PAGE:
The residents of Burning Springs, which had grown to 6,000 from 100 between 1859 and 1863, learned of Jones’ approach on May 9 from a single rider that galloped into town at 7 AM. News fo the Confederates’ approach sent the townspeople into a panic. Many tried to escape, some running into the woods while others rode off in an effort to save their horses from rebel confiscation and still others loaded into barges tied up at the wharfs and began the journey to Parkersburg via the Little Kanawha. The town’s many saloonkeepers, meanwhile, hired local teamsters to carry their alcoholic wares down the road with instructions to hide them in the nearby forests. Much of this alcohol was never recovered, the teamsters either abandoning it so that they could escape more quickly with a lighter load or taking the liquor for themselves. By the time Jones and his men rode into town, it was nearly deserted.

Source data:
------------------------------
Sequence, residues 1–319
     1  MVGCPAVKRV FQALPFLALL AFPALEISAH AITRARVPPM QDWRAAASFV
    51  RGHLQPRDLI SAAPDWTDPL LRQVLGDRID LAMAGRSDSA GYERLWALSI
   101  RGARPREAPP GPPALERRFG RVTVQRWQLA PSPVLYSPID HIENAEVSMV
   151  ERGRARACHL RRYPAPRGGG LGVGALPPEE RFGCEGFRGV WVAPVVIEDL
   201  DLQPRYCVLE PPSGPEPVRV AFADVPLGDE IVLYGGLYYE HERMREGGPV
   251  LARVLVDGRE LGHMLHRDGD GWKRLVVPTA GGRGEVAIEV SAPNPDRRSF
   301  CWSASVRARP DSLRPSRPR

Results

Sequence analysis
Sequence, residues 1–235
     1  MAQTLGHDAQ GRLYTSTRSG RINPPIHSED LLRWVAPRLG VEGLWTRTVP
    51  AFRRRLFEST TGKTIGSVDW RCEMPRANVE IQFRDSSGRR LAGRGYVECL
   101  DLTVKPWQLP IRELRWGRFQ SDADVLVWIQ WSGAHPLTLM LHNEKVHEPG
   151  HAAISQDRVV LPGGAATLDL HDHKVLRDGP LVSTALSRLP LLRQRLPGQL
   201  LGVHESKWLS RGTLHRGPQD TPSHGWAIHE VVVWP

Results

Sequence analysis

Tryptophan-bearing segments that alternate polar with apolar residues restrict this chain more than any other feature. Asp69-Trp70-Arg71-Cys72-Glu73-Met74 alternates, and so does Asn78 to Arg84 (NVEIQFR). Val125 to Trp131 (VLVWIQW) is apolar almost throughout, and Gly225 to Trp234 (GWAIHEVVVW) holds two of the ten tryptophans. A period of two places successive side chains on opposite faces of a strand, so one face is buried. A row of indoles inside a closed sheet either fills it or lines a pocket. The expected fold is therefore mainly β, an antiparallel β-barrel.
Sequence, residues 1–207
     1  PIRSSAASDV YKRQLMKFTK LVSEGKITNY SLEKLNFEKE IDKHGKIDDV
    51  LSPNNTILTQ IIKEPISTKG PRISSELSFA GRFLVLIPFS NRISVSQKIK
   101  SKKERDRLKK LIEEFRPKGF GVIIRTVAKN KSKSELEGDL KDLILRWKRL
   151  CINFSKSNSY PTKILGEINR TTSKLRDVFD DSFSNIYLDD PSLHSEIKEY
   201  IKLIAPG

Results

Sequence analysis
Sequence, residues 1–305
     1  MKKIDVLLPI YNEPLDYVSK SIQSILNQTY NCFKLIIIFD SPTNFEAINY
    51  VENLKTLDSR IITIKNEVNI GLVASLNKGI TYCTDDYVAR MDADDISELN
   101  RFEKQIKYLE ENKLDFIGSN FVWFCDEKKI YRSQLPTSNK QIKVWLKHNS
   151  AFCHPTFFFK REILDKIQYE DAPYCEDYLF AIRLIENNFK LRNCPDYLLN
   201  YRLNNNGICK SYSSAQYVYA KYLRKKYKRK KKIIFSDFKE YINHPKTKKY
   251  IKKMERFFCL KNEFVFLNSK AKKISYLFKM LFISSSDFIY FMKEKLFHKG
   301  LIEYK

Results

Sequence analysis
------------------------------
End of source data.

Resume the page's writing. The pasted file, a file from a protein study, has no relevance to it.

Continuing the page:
As a result, the Confederates faced little resistance in their destruction of the oilfields and everything else associated with them in the town. They destroyed the barges that remained at the wharf in short order and moved just as quickly to set fire to the oilfields themselves. Before they did so, one of the Rathbone brothers offered them a bribe to desist but claimed that the money would have to be transported from Parkersburg. Unwilling to wait, Jones ordered his men to proceed. The workers at the oilfields, who had not heard the commotion from the town over the noise from the machinery in the fields, continued working until the rebels’ arrival but offered little resistance. After setting the fields themselves aflame the Confederates went to work on the storage facilities containing crude oil waiting to be transported, which included storage dams along the river. By the time they were done, the Little Kanawha had become a sheet of flames that stretched for eight miles around the town. Their mission accomplished, Jones’ men confiscated all the horses and food they could find and made time to drink every drop of whiskey they encountered for good measure. Thus sated, they departed for their rendezvous with Imboden in Summersville, the heat from the flames being too intense to for them remain nearby. As the fire raged it proceeded to engulf a portion of the town, destroying the Baptist and Methodist churches, several homes, and the Chicago House (Burning Springs’ most prominent hotel).